With WeWork, a provider was founded in the USA in 2010 that will influence the coworking landscape over the next few years and shape it like no other provider.
If you want to learn more about the history of coworking, you can find all the information about coworking history here. Of course, we don't just look to the past. The future of coworking is particularly important to us. That's why we regularly think about coworking trends.
Coworking & coworking spaces in Germany
The number of coworking spaces in Germany has risen sharply in recent years. We assume that there are far more than 600 locations that are spread across Germany.
Most of them are located in the metropolises, whereby the coworking trend is becoming more and more popular and even supported by politics in smaller cities and even rural regions.
Coworking spaces in Berlin
The coworking revolution in Germany began here with the St. Oberholz and Betahaus. Today Berlin is undoubtedly the Mecca of the German coworking scene. There are currently around 100 coworking spaces in the capital - and new ones are added almost every week.
Most providers have settled in the center and opened their locations predominantly in the lively districts of Mitte, Kreuzberg, Friedrichshain and Prenzlauer Berg. Among these there are also some with special specifications. There are spaces with childcare, coworking cafés and numerous fintech hubs in the capital.
In terms of price, Berlin is at the lower end of the scale compared to other major German cities. A flex desk costs an average of 220 euros per month. For a fix desk you have to pay 289 euros a month.
Coworking spaces in Hamburg
In the second largest city in Germany, coworking is now firmly anchored in the working world. There are now just over 30 coworking spaces in Hamburg.
Many shared offices have been set up in the center and in the Hafencity in particular. There are also many opportunities to join a coworking community on the creative hill. In addition, the Coworking Airport is a special offer for frequent flyers who want to work shortly before departure.
Unlike the rental prices, the prices for coworking in the Hanseatic city are in the middle range. A flex desk is available for an average of 225 euros a month, a fix desk is available for 303 euros.
Coworking spaces in Cologne
Of the major providers, only WeWork and Design Offices have dared to go to the Rhineland so far. In addition, there is a colorful scene of small coworking spaces in Cologne, which are spread across the city. There are 25 in total.
Many shared offices have settled west of the Rhine in particular. There are also two Design Offices locations there. There is also a very high-quality coworking space in Wertheim, which also includes two apartments with a view over Cologne.
The prices for coworking in Cologne are slightly higher than in Berlin and Hamburg. A flexible workplace costs an average of 243 euros. If you want a permanent job, you have to pay 301 euros a month.
Coworking spaces in Frankfurt
In Mainhattan we already list over 25 coworking spaces and regularly open new offers. Many locations in Frankfurt are naturally looking for proximity to the banks and are accordingly centrally located.
Mindspace recently opened its first office in Frankfurt am Main. And WeWork is also represented in the Main metropolis with two locations.
The price structure is interesting. In our comparison, Flex Desks are among the cheapest at all at 198 euros per month. It looks completely different with the fix desks. Such a job costs an average of 389 euros a month in Frankfurt and is therefore one of the most expensive in Germany.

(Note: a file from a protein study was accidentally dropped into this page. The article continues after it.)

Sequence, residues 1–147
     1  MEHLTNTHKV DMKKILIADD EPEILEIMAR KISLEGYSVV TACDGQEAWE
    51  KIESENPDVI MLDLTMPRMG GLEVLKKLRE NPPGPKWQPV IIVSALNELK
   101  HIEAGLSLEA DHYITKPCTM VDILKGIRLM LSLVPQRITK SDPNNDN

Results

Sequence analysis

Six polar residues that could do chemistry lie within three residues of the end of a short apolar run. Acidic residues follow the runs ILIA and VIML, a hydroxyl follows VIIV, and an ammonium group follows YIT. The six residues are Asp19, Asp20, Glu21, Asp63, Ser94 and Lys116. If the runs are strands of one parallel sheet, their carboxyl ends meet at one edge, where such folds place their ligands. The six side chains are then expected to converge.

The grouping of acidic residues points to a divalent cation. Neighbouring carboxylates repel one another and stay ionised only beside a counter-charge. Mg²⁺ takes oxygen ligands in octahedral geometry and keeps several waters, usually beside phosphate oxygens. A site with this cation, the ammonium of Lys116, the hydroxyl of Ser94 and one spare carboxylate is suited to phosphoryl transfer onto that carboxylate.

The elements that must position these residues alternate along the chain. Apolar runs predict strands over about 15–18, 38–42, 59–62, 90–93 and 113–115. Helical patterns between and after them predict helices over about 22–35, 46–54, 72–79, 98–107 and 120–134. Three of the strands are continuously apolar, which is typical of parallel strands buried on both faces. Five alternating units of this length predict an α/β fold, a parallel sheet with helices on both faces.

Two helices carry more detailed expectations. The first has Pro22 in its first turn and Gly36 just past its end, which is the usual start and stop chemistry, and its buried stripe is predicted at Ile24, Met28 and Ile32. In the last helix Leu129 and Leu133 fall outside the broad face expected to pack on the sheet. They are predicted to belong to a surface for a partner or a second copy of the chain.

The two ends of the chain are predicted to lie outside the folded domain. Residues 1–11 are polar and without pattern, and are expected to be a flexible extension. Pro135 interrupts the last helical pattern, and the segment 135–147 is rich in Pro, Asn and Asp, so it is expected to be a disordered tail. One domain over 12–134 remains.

Coworking spaces in Munich
Munich is a bit like the second coworking capital in Germany. All major coworking providers such as WeWork, MindSpace or Design Offices have several locations in the Bavarian capital.
Most of the spaces are located in the center of Munich - be it at the Stachus or around the Viktualienmarkt. But there are also many locations north of the S-Bahn line at Arnulfpark.
Munich is by far the most expensive coworking city in Germany. While the prices for flex desks at 243 euros per month are roughly the same as in Cologne, the prices for fix desks are well above average. An impressive 424 euros per month are due for a permanent job.
Here again all coworking prices in the big German cities for fix and flex desks in comparison:
Coworking spaces in the rest of Germany
There are also many shared offices and coworking spaces in the rest of Germany. Whether in Stuttgart, Düsseldorf or Leipzig. Coworking is becoming more and more popular in German metropolises and more and more spaces are being created in major German cities. In addition, more and more offices are also opening in cities such as Nuremberg (and Erlangen), Dortmund, Bremen or Essen and Hanover. The coworking phenomenon is by no means limited to cities with 500,000 or more inhabitants. Spaces are also springing up in Münster, Erfurt and Karlsruhe, for example. Mainz and Bonn have also developed well in recent years. Coworking is no longer a trend that we only find in metropolises. "Village offices" will continue to expand over the next few years and equip even the smallest of towns with attractive coworking opportunities.
Coworking spaces in Austria and Switzerland
Of course there are also joint offices in Austria and Switzerland. We have therefore created an overview of all coworking spaces in Vienna for you. There are over 30 shared offices in Austria's capital. The same applies to Zurich, even if the scene is a little smaller. Here you can find a summary of the coworking spaces in Zurich.
Coworking spaces worldwide
Coworking is now a worldwide phenomenon and new coworking spaces are being opened on all continents.
An outlook into the future promises further rosy times for the industry. More coworking spaces open every year, in 2015 there were 7,800 spaces worldwide, just under 18,000 in 2018 and over 30,000 by the end of 2022.